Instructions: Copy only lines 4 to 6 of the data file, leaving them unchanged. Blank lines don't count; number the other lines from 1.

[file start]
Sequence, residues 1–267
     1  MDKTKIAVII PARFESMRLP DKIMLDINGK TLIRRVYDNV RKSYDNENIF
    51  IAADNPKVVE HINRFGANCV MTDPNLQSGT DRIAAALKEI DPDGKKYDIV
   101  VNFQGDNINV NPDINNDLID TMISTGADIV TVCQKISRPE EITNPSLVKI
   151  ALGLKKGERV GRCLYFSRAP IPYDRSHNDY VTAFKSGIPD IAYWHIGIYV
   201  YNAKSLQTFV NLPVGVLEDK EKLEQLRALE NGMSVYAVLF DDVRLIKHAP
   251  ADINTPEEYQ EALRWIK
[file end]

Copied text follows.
   101  VNFQGDNINV NPDINNDLID TMISTGADIV TVCQKISRPE EITNPSLVKI
   151  ALGLKKGERV GRCLYFSRAP IPYDRSHNDY VTAFKSGIPD IAYWHIGIYV
   201  YNAKSLQTFV NLPVGVLEDK EKLEQLRALE NGMSVYAVLF DDVRLIKHAP